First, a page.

History 171S.01.
The History of Intimacy


Companionate marriage, 1927

Why did this couple make headlines?

krishna and radha

Radha and Krishna caught in a storm, Mughal miniature, ca. 1615 CE

genji and beloved

Genji and beloved from the twelfth-century CE Genji monogatari emaki.








Mondays 3:05-5:30 pm, 229 Carr Bldg.
William M. Reddy


This gateway seminar provides an apprenticeship in research and writing on the history of intimacy. The first half of the semester will (1) focus on discussions of readings covering how intimacy has been structured or understood in many periods across Eurasia and North America, and (2) provide students with opportunities to select a research topic and begin working on a research paper. The second half of the semester will be devoted to presentation of progress reports on our research, in a relaxed atmosphere, permitting mutual support and suggestions. The research paper will be due on the last day of class.

Grading: Attendance at the seminar sessions and participation in discussions is crucial to this course, and will count for 20% of the grade. There will be an initial, short paper (5-6 pp.) due in the first four weeks of class (10% of grade). Presentation of a progress report in class will count as 20% of the grade. The final paper will count as 50% of the grade.

Research topics: Students will be offered a wide variety of possible research topics. Those who are interested may wish to examine ancient or medieval European intimacy, or close relationships in South Asia or Japan. Most students may perhaps prefer to examine intimate relationships in more recent centuries. Variations in sexual orientations and gender identities will be of interest to some. In all cases, students' research will include or focus on "primary documents," that is, the original writings of persons in the past.

Fortunately Rubenstein Library at Duke has a very rich collection of personal papers, especially from the U.S. in the nineteenth and twentieth centuries, consisting often of personal letters between partners and spouses. These include letters of enslaved or formerly enslaved persons as well as persons who sought out same-sex relationships. Rubenstein Librarian Kate Collins will personally assist each student who wishes to work on these fascinating documents.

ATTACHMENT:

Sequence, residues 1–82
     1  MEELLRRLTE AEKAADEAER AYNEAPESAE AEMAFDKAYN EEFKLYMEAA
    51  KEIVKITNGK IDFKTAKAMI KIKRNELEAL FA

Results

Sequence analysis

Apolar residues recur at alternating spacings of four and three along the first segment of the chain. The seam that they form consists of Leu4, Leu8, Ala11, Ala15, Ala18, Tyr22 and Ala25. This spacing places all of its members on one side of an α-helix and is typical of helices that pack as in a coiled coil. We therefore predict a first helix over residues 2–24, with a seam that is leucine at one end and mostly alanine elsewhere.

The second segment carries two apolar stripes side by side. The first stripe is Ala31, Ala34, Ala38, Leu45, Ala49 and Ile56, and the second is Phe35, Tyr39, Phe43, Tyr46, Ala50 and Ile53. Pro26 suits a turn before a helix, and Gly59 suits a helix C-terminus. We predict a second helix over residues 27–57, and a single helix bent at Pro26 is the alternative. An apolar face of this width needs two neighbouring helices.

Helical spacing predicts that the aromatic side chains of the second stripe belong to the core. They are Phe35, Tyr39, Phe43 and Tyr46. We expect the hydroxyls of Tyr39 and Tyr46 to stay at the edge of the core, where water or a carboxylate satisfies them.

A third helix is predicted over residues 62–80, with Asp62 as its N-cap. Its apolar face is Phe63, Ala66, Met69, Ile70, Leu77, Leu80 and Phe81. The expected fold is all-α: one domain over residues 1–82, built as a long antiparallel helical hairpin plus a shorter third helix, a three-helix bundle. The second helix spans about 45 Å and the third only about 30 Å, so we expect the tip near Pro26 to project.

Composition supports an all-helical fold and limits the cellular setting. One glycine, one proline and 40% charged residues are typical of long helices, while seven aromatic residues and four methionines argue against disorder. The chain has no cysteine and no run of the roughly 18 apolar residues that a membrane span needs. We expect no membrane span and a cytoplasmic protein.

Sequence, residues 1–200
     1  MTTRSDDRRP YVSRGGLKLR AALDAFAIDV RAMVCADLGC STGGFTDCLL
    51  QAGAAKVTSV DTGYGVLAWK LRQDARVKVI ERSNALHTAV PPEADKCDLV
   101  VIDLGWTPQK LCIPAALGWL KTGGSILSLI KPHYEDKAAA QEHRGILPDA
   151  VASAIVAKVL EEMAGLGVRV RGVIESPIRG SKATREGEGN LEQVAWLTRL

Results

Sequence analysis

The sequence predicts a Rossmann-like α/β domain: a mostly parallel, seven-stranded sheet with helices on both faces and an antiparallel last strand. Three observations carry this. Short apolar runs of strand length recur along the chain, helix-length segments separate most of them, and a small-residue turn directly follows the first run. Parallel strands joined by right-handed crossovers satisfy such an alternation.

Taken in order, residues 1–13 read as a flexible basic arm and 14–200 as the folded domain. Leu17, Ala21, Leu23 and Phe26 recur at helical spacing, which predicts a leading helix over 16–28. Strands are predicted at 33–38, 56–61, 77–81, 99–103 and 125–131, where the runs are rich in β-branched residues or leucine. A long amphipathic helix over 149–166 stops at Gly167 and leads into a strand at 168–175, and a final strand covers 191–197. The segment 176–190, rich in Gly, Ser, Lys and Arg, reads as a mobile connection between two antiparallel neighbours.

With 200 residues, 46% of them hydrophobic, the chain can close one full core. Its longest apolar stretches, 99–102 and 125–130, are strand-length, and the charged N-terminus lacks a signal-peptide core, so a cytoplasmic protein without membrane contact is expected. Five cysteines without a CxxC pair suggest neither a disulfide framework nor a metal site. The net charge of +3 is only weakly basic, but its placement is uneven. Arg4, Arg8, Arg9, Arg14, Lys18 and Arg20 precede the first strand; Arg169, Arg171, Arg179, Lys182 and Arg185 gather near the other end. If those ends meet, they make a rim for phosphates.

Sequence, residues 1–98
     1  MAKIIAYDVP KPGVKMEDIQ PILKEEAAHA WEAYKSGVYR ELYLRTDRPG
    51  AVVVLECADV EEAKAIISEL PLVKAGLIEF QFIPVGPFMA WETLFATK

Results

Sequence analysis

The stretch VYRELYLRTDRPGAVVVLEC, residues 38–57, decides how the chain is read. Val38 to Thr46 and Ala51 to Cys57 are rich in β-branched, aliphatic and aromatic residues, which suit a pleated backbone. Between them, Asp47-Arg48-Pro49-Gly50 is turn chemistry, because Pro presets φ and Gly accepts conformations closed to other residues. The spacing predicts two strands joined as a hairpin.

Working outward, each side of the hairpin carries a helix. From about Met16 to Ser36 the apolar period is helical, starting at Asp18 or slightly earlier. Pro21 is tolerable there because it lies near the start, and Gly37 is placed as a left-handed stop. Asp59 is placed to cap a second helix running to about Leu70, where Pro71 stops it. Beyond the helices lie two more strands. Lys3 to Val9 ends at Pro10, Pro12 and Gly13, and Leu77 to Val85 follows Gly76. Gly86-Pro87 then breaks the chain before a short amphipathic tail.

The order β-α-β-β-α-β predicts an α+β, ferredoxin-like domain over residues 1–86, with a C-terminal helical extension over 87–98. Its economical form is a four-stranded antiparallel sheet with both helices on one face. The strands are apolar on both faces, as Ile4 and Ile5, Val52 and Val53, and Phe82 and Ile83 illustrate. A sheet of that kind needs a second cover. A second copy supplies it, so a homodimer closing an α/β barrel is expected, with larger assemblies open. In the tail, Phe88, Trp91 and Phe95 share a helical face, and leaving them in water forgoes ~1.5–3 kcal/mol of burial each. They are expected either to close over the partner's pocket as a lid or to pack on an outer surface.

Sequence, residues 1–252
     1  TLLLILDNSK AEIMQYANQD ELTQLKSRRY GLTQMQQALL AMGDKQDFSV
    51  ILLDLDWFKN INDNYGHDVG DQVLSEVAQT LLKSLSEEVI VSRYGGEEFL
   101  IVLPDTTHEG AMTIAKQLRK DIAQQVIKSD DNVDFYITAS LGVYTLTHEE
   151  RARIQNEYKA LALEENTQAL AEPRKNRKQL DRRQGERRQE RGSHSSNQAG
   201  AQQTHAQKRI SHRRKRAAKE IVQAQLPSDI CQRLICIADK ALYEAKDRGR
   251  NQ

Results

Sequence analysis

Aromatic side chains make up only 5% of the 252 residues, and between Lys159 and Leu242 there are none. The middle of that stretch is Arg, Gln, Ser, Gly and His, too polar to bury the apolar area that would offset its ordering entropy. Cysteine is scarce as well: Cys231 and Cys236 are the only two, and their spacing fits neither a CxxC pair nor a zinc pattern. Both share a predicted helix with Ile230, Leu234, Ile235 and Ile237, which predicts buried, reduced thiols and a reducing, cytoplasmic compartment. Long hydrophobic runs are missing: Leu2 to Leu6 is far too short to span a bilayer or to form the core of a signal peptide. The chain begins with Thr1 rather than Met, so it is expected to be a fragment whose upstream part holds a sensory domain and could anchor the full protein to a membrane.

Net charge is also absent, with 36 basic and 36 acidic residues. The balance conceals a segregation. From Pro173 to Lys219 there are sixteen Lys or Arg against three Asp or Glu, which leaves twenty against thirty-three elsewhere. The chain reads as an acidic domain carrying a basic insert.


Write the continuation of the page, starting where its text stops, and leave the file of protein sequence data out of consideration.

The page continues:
A tentative calendar for the readings of the first half of the semester:

Wednesday, January 8. Introduction

Monday, January 13. Ancient Europe (Seventh Century BCE to Fourth Century CE)
Reading: Plutarch, Life of Marcus Antonius, online.

Monday, January 20—Martin Luther King Day

Monday, January 27. Medieval Europe (Fifth to Fifteenth Centuries, CE).
Reading: The Letters of Abelard and Heloise, translated by Betty Radice (Penguin, 2004), selected letters. ISBN: 978-0140448993.

Monday, February 3. Heian Japan (Tenth and Eleventh Centuries, CE).
Reading: Murasaki Shikibu, Tale of Genji, selections.

Monday, February 10. South Asia, post-Gupta period (Sixth to Thirteenth Centuries, CE).
Reading: Lee Siegel, Sacred and Profane Dimensions of Love in Indian Traditions As Exemplified in the Gitagovinda of Jayadeva (Oxford: Oxford University Press, 1978), pp. 21-88, 240-286, online.

Monday, February 17. Early Modern Europe (1450-1815 CE).
Reading: Dorothy Osborne, Letters, 1652-1654, online.

Monday, February 24. Europe and Anglophone North America in the Nineteenth Century.
Reading: Karen Lystra, Searching the Heart: Women, Men and Romantic Love in Nineteenth-Century America (Oxford: Oxford University Press, 1989) ISBN-13: 9780195074765
Heather Andrea Williams, Help Me to Find My People: The African American Search for Family Lost in Slavery (Chapel Hill, N.C.: UNC Press, 2012)


Monday, March 3. Europe and Anglophone North America in the Twentieth Century.
Reading: Claire Langhamer, The English in Love: The Intimate Story of an Emotional Revolution (Oxford: Oxford University Press, 2013) ISBN-13: 978-0199594436

9-16 March. Spring Break

Monday, March 17, and thereafter: student progress reports.